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The authors thank Ariel Falconer, Kim Morgan, Holly Gray and Francesca Boldrini from Rabin Martin, Taryn Barker and Joanna Robinson from the Children's Investment Fund Foundation, Kate Harrison from Avert and colleagues from the U.S. President's Emergency Plan for AIDS Relief and USAID for their partnership and review of this manuscript.

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1. Children's Investment Fund Foundation (CIFF). Accelerating children's HIV/AIDS treatment: promising practices and lessons learned from implementation of the ACT initiative. 2017. Available at: Accessed February 27, 2018.
2. Joint United Nations Programme on HIV/AIDS (UNAIDS). Ending AIDS: Progress Towards the 90–90–90 Targets. Geneva, Switzerland; 2017. Available at: Accessed February 15, 2018.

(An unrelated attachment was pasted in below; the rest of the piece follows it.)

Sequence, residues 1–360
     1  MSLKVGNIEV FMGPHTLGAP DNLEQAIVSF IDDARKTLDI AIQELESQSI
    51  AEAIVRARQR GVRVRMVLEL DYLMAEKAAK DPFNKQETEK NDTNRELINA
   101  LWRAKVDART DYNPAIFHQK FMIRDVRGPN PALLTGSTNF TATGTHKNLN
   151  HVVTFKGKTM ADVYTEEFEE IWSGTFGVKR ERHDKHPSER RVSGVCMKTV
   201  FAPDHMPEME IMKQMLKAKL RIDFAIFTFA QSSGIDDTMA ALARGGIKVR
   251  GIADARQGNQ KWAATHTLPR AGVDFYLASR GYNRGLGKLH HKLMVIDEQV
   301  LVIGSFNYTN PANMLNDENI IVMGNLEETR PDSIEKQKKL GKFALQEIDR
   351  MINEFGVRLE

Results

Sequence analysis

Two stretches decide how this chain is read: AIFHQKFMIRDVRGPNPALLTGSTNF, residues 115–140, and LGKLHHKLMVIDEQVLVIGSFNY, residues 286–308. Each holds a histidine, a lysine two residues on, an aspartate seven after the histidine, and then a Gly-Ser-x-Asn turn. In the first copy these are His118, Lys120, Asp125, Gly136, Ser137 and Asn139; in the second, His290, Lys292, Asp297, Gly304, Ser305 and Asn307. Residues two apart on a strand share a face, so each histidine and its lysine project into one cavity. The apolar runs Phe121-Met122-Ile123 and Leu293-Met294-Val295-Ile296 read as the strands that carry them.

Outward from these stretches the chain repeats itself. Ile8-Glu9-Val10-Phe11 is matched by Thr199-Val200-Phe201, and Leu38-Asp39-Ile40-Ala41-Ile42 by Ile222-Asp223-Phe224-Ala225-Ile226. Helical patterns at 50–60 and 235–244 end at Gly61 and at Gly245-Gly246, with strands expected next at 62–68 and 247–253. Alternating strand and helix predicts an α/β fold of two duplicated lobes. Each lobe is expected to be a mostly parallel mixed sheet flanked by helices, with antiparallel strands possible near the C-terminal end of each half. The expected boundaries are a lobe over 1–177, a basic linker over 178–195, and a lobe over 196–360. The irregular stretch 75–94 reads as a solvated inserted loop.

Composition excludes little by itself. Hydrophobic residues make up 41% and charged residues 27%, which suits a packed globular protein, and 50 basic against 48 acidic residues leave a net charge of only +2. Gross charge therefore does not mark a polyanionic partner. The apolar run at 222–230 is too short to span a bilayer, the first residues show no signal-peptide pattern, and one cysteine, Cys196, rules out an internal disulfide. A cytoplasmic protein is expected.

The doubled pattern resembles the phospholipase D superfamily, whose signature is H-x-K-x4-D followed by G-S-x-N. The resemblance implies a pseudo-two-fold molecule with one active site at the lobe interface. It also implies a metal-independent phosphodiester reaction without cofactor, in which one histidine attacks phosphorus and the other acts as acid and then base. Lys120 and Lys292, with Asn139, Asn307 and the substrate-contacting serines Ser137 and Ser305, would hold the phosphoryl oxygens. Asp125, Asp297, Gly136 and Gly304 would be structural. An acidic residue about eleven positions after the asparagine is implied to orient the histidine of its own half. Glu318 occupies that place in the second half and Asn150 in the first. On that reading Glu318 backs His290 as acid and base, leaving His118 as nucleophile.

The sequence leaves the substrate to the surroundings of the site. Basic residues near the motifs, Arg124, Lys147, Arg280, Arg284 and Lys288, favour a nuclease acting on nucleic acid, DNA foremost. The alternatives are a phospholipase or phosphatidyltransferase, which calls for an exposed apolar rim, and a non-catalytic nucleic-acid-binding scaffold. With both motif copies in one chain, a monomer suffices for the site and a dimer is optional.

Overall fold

3. The Sustainability Index and Dashboard is a tool developed to measure national progress toward HIV sustainability across four domains: 1) Governance, Leadership, and Accountability; 2) National Health Systems and Service Delivery; 3) Strategic Investment, Efficiency, and Sustainable Financing; and 4) Strategic Information. Data comes from PEPFAR SID 2015 and PEPFAR SID 2017, the last two cycles of data. The PEPFAR SID tool has a subset of pediatric specific data (eight indicators). Specific country data can be found at: and Assessed March 12, 2018.
4. For the rest of the article, the independent evaluation of CIFF ACT countries by Rabin Martin will be referred to as the CIFF independent evaluation.
5. Oberth G, Whiteside A. What does sustainability mean in the HIV and AIDS response? Afr J AIDS Res. 2016;15:35–43.